Defensively, the 20-year-old showcases good athleticism for his size with decent defensive chops that inevitably will improve as he gains experience against more advanced competition. Meanwhile, the 20-year-old’s plus arm strength is a clean fit at the position and should help him make up for some of the shortcomings with the glove.

    Ceiling (Overall Future Potential): 55 (solid-average regular)

9. Rafael Montero, RHP

4 of 13

    Position: RHP

    DOB: 10/17/1990 (Age: 24)

    Height/Weight: 6’0”, 185 lbs.

    Bats/Throws: R/R

    Signed: 2011 (Dominican Republic)

    Last Year’s Ranking: 3

    ETA: Debuted in 2014

    2014 Stats (Rk/A+/AAA): 18 GS, 86 IP, 3.45 ERA, 1.27 WHIP, .231 BAA, 0.4 HR/9, 3.7 BB/9, 9.1 K/9

    2014 MLB Stats: 10 G/8 GS, 44.1 IP, 4.06 ERA, 1.51 WHIP, .257 BAA, 1.6 HR/9, 4.7 BB/9, 8.5 K/9

    Future Pitch Grades:


    Scouting Report

    While the undersized right-hander boasts impressive arm strength and a mature arsenal, his plus-command profile is easily his strongest attribute. Montero’s fastball comes in at a deceptive 90-93 mph, and he commands the pitch to both sides of the plate and changes hitters’ eye levels aggressively.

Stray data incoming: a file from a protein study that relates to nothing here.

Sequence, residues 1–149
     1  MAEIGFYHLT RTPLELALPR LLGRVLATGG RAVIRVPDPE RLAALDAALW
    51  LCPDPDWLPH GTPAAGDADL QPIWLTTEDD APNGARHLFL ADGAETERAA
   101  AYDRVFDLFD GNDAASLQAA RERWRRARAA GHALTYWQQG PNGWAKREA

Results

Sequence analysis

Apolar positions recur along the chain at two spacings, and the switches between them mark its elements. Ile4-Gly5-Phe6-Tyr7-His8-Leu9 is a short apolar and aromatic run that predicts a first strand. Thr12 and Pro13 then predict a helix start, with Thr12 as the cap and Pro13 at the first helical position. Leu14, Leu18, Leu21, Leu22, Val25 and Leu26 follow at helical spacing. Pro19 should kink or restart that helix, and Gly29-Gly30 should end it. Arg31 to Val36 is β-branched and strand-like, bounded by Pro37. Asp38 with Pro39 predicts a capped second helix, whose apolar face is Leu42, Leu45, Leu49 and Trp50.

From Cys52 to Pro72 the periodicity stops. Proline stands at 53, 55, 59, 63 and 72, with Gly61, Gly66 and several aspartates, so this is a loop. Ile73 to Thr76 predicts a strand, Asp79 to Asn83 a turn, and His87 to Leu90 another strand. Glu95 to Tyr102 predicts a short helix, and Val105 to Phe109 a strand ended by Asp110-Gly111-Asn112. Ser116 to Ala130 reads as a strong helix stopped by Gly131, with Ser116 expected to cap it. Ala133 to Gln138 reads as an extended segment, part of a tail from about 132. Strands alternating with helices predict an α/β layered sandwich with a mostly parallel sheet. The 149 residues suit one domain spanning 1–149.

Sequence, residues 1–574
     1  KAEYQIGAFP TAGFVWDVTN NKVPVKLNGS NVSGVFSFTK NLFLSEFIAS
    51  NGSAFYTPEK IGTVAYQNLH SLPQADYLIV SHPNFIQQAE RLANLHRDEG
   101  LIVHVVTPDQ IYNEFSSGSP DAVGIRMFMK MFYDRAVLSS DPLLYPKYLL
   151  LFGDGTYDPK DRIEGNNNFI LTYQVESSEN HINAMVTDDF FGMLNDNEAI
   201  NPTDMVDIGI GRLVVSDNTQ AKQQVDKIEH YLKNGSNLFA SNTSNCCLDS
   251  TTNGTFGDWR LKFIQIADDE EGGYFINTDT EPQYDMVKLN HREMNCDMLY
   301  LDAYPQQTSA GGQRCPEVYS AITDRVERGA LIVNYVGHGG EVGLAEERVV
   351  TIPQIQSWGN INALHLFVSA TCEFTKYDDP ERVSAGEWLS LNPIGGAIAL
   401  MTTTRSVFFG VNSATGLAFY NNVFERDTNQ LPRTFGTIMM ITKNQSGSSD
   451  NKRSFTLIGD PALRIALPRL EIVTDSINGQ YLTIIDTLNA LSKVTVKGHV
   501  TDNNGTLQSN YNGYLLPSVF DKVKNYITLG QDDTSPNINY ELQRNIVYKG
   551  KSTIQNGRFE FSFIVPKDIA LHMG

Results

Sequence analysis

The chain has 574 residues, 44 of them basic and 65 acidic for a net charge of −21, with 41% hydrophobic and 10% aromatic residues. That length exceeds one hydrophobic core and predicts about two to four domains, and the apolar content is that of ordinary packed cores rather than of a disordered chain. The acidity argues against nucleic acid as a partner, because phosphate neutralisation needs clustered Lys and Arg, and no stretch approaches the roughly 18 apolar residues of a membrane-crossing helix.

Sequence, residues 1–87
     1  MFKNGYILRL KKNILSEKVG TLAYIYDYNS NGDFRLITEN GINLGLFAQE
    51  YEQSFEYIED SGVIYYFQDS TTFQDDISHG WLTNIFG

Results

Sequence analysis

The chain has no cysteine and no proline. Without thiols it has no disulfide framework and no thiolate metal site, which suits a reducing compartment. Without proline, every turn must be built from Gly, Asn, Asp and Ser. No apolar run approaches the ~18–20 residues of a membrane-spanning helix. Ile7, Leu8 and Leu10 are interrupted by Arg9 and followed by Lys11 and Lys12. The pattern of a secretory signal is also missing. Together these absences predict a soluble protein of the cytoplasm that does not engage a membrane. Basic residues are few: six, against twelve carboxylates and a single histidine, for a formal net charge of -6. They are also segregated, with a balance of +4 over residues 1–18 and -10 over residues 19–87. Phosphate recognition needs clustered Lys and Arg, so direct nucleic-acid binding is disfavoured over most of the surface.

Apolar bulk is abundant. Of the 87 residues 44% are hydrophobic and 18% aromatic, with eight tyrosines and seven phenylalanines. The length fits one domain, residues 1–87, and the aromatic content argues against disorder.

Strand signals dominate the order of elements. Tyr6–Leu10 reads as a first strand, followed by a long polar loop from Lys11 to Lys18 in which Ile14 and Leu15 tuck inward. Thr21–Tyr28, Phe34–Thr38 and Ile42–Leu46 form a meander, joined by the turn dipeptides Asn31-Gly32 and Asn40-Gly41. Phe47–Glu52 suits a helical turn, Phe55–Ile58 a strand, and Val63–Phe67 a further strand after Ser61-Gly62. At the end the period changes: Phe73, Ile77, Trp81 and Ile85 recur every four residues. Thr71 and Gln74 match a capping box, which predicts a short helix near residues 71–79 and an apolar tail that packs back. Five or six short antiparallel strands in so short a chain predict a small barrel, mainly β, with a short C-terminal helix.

Montero’s curveball and changeup are both average, but neither is a true swing-and-miss pitch. He doesn’t have a high ceiling like the Mets’ other young pitchers, but his command and overall feel for his craft make him a safe bet to emerge as a quality back-end starter in 2015.

    Ceiling (OFP): 50 (No. 4 starter) - Low risk

8. Michael Conforto, OF

5 of 13

    Position: OF

    DOB: 03/01/1993 (Age: 21)

    Height/Weight: 6’1”, 211 lbs.

    Bats/Throws: L/R

    Drafted: First round, 2014 (Oregon State)

    Last Year’s Ranking: NA

    ETA: 2016

    2014 Stats (SS): 42 G, 186 PA, .331/.403/.448, 24.1 XBH%, 3 HR, 8.6 BB%, 15.6 K%

    Tools Breakdown (Future Grades):


    Scouting Report

    One of the better hitters in the 2014 draft class, Conforto possesses above-average bat speed and employs a quiet swing with good weight transfer and hip rotation. The left-handed hitter demonstrates excellent plate discipline to go along with advanced pitch recognition, as he rarely strays from his patient approach to leave the strike zone.